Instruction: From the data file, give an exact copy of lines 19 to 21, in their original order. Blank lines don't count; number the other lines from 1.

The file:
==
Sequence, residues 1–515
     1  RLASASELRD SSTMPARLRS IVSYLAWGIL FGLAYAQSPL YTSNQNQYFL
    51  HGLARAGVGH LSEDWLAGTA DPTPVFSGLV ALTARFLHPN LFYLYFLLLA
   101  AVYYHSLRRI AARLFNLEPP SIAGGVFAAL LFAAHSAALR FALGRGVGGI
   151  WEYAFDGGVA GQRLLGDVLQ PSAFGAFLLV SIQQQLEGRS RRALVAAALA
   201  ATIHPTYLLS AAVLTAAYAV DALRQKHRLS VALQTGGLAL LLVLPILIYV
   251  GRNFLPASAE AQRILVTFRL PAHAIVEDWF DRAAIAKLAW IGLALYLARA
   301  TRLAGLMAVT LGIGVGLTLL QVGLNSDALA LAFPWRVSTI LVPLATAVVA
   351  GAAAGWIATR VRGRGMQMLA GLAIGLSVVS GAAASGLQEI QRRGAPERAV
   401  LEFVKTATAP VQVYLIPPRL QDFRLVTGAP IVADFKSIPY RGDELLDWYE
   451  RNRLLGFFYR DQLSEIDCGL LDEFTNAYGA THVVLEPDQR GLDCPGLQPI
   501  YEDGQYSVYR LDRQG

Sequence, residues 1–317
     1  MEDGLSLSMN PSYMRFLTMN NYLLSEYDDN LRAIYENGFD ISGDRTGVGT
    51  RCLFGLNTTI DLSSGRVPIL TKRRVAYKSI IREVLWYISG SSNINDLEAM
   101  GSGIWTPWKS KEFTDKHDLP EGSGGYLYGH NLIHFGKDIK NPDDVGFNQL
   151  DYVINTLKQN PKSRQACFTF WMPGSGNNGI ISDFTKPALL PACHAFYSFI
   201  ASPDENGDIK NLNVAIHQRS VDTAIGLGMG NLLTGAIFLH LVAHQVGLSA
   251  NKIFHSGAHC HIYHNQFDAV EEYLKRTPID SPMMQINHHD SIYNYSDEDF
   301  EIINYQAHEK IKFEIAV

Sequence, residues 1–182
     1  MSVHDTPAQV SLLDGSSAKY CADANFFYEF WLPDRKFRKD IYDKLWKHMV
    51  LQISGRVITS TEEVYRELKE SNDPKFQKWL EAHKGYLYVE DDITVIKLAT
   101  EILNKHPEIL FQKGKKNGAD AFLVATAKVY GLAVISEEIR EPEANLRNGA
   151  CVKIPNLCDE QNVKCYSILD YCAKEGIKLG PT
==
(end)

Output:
   251  NKIFHSGAHC HIYHNQFDAV EEYLKRTPID SPMMQINHHD SIYNYSDEDF
   301  EIINYQAHEK IKFEIAV

Sequence, residues 1–182